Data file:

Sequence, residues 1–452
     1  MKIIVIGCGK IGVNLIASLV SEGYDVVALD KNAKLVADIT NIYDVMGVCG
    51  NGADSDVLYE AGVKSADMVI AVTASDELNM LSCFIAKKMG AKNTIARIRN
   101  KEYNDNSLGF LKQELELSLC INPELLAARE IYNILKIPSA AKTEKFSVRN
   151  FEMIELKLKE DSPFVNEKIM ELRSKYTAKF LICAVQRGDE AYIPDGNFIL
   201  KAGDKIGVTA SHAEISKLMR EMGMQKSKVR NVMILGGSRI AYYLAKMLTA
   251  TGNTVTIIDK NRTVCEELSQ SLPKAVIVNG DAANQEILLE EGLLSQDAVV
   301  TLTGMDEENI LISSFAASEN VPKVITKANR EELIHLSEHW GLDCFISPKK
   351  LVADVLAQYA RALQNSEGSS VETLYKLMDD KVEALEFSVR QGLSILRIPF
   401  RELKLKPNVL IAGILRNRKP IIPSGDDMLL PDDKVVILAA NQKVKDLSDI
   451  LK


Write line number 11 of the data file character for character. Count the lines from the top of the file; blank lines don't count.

   451  LK